Melbourne GP Dr John Piesse has been officially suspended while enquiries into his practice continue, says AHPRA
Two weeks ago, Dr Piesse was reported to have agreed to an undertaking with AHPRA not to work as a medical practitioner, either paid or unpaid, following allegations that he had helped patients avoid compulsory immunisations.
The doctor’s practice at the Nerida James Natural Healing Centre in Mitcham, Victoria was also reportedly raided by AHPRA with the assistance of Victoria Police one week ago.
And on Thursday 14 September, following a hearing with the Medical Board of Australia, Dr Piesse was suspended from practice until further notice.
“AHPRA can confirm that the Medical Board of Australia took interim action to suspend Dr Piesse’s registration on 14 September 2017. The public register of practitioners has been updated to reflect this decision,” it says.
“As our enquiries in relation to the matter are ongoing, we cannot comment further at this time.”
The suspension comes after media reports leaked videos of Dr Piesse speaking at a Melbourne anti-vaccination rally about how he helped parents get out of vaccinating their children.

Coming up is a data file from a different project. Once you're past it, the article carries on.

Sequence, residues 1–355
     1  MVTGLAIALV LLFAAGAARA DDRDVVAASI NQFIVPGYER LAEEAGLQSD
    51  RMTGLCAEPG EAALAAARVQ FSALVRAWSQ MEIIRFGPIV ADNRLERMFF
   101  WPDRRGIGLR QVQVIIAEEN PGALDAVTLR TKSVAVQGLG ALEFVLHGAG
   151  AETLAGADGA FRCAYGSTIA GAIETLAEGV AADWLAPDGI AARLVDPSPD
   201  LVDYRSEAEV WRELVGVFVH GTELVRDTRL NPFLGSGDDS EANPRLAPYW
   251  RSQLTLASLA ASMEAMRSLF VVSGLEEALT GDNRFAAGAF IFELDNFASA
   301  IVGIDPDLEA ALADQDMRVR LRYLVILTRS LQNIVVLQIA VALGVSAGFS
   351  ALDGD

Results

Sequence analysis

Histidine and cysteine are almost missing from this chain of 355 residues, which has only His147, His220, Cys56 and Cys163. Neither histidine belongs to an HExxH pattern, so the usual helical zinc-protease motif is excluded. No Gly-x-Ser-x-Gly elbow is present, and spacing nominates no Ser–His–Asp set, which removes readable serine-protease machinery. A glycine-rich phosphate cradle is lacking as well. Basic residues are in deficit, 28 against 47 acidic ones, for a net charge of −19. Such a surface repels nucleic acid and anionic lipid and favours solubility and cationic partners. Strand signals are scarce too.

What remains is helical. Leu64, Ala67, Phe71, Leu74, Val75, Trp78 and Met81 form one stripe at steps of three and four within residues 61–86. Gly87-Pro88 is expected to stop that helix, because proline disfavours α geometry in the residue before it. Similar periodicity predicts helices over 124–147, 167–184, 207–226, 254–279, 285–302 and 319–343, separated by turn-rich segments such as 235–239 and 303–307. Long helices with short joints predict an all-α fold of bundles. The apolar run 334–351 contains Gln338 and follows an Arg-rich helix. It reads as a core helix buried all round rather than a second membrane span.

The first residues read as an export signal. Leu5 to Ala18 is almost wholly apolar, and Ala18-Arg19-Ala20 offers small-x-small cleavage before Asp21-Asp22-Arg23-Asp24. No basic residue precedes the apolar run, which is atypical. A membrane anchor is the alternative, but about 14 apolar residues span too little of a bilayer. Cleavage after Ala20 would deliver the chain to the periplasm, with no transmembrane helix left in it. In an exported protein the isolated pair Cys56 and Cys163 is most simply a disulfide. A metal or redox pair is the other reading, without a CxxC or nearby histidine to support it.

Meanwhile more than 2000 supporters in the anti-vaccination community have banded together to raise nearly $120,000 for the GP in just 20 days using a GoFundMe account.
The ‘I stand with Dr Piesse’ movement says: “ Dr Piesse is not anti-vaccine; he is pro safe vaccines. Please support his right to freedom of speech, and our right to question the 36 or more vaccines a child will receive by 18 months of age.
“This fundraiser is not only to help support Dr Piesse during a time of financial pressure, but also to use those funds to help with his research on the history of unvaccinated children in his practice,” reads the GoFundMe page.
The RACGP has responded to reports of anti-vaccination GPs, saying that the GP remains the most trusted source of advice on immunisations and that anti-vaccination messages have absolutely no place in general practice.
“It is vital all Australians are fully vaccinated,” RACGP President Dr Bastian Seidel said.
“While some parents may have concerns stemming from reading misleading immunisation information, anti-vaccination messages are dangerous and are not supported by the RACGP.
“If you are one of the few parents or carers in Australia with concerns about vaccinating your child, please share your questions and concerns with your GP.”